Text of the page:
Ryan Ellis, Harry Zolnierczyk, Colton Sissons, Ryan Johansen, and Kevin Fiala potted goals for the Predators as they extended their series lead. Pekka Rinne also stayed hot with 30 saves on 30 shots for his second straight blank slate. Suddenly, Nashville has a huge advantage in a series it was widely expected to lose.
There are lot of culprits in the 2-0 hole. Ryan Hartman and Nick Schmaltz have struggled in their playoff debuts. Patrick Kane, Artemi Panarin, and Jonathan Toews haven’t gotten going at all. Johnny Oduya’s declining speed has been exposed repeatedly, and the Duncan Keith pairing is losing the possession battle to the Predators’ first line. Corey Crawford hasn’t been good enough to make up for those problems.
The Blackhawks will need to win at least two games in Nashville in order to get out of this series alive after blowing their home ice advantage. They’re far from done, but the Predators have staked their claim over this series so far.
Here’s how it happened:
Surely the Blackhawks would come out with some extra pep in their step in such an important game, right? That’s roughly what happened for the first couple minutes, but the Predators quickly swung the pendulum back in their direction with a similar style to Game 1.
Eventually, Ellis got a juicy shooting opportunity from the point, and while Richard Panik made a sliding block on the initial shot, the puck bounced right back to Ellis. The defenseman rifled it back toward the net and slipped it through a screen from Viktor Arvidsson to beat Corey Crawford.
The Predators held a 23-14 advantage in shot attempts and a 12-7 advantage in shots on goal after 20 minutes. They outshot the Hawks, 8-1, with Jonathan Toews on the ice, which is not exactly the result you want from your No. 1 center.
The intermission didn’t solve the Blackhawks’ sloppiness. Harry Zolnierczyk caught the defense sleeping on a sloppy line change and got a breakaway, which ended with him sniping the puck off the post and in. Johnny Oduya was scrambling behind him to try to prevent a shot, but his backchecking stick didn’t arrive in time.
Roughly 10 minutes later, Sissons scored to give the Predators a 3-0 lead late in period. This was the one that turned Blackhawks Twitter upside down as the reality started setting in that there probably wouldn’t be a comeback. Was overcoming a three-goal deficit impossible? No, but it wasn’t going to happen the way they were playing.
If you insist upon hearing about it, well, the Blackhawks didn’t score. They got some good chances, but Rinne continued his red hot play to deliver a second straight road shutout. There was also lots of line juggling as the Hawks sought to find a top six that could actually score. Instead, Johansen and Fiala added to the blowout.
SCH’s 3 Stars of the Game
1) Pekka Rinne, Predators (30 saves on 30 shots, 1 assist)
2) Ryan Johansen, Predators (1 goal, 2 assists)
3) Harry Zolnierczyk, Predators (1 goal)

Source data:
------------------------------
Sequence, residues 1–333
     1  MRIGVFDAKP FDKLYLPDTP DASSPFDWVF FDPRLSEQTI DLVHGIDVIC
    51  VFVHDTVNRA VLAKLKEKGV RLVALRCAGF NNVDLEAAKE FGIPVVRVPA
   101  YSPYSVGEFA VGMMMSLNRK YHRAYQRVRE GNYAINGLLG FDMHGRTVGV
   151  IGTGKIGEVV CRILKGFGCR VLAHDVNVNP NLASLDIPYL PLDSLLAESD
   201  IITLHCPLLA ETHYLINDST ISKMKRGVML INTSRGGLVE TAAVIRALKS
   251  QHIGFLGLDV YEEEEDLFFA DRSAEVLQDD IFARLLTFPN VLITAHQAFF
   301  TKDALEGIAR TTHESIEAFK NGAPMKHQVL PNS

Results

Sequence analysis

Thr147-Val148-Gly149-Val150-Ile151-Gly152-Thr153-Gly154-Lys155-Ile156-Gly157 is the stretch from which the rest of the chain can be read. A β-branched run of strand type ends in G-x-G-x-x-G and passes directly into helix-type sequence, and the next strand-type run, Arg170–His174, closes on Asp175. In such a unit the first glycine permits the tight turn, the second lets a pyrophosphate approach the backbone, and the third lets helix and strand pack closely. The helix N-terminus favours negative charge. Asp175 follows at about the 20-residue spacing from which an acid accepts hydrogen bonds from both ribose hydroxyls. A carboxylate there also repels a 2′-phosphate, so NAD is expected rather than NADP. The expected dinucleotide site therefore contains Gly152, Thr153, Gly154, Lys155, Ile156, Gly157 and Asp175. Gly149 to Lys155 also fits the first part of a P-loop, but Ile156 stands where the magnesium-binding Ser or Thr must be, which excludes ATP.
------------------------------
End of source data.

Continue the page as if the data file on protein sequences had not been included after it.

A 2-0 series lead is far from a death sentence for a team like the Blackhawks, but the pressure is starting to mount. The team will need to win four of the next five games with three of those in Nashville, and it didn’t exactly offer much confidence with its performance Saturday. There’s no reason to be worried because they’re down two games. There’s reason to be worried because they looked so bad while digging that hole.
|Dennis Wierzbicki-USA TODAY Sports|
Blackhawks frustration 'at different level' after 5-0 loss to Predators
If anxiety had an audible quality, you could have heard it Saturday night at the United Center when Ryan Ellis scored the first goal of the game.
The Blackhawks had worked the crowd into a frenzy with a strong opening few minutes, but as Ellis' shot from the point hit the back of the net, the crowd of 22,175 went from delirious screams to a collective, "Oh."
They sounded out of breath. It was the Predators who took it away in a stunning 5-0 victory in Game 2. The Predators lead this Western Conference quarterfinal series 2-0, and as it heads to Nashville on Monday, the Hawks are in an unprecedented situation for the Joel Quenneville era of dropping their first two games at home in a playoff series.
"That was frustration to a different level," Quenneville said. "That wasn't fun to watch. We dug ourselves a tremendous hole. Across the board, not too many positives came out of (Saturday's) game. Everybody was responsible, from the coaches down to every single player. We need to get out of this mess and hole."
It's as deep as it can be after two games. With every Predators blocked shot, missed Hawks pass and Pekka Rinne save (30 in all Saturday, 59 over the two games), the anxiety turned to disbelief. Certainly, this wretched start couldn't be happening to the Hawks, the best team in the Western Conference and winner of three Stanley Cups this decade? It wasn't a dream.